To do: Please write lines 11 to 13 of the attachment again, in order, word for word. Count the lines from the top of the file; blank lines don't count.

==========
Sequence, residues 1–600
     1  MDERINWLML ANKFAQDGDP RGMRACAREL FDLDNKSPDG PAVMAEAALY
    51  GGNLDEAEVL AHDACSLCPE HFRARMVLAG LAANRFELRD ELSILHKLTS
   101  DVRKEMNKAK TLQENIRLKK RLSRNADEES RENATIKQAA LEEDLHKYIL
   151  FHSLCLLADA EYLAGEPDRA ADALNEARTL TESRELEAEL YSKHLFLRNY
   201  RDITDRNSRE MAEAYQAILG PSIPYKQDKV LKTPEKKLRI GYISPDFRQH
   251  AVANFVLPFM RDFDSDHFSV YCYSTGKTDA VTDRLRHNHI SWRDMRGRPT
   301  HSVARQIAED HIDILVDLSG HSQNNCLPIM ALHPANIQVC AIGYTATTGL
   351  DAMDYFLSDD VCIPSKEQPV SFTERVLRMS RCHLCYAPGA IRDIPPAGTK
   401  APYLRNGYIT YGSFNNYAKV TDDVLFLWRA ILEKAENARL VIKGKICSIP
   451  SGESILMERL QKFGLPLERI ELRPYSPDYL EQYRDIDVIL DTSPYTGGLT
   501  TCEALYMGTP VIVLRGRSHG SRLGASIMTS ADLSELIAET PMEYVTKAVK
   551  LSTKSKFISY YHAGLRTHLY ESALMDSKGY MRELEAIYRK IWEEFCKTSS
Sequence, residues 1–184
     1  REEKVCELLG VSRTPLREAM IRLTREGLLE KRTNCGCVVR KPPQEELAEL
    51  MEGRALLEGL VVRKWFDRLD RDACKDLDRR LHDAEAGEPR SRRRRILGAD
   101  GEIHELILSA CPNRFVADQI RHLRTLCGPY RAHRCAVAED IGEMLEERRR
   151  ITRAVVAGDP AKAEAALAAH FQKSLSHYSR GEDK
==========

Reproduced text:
   451  SGESILMERL QKFGLPLERI ELRPYSPDYL EQYRDIDVIL DTSPYTGGLT
   501  TCEALYMGTP VIVLRGRSHG SRLGASIMTS ADLSELIAET PMEYVTKAVK
   551  LSTKSKFISY YHAGLRTHLY ESALMDSKGY MRELEAIYRK IWEEFCKTSS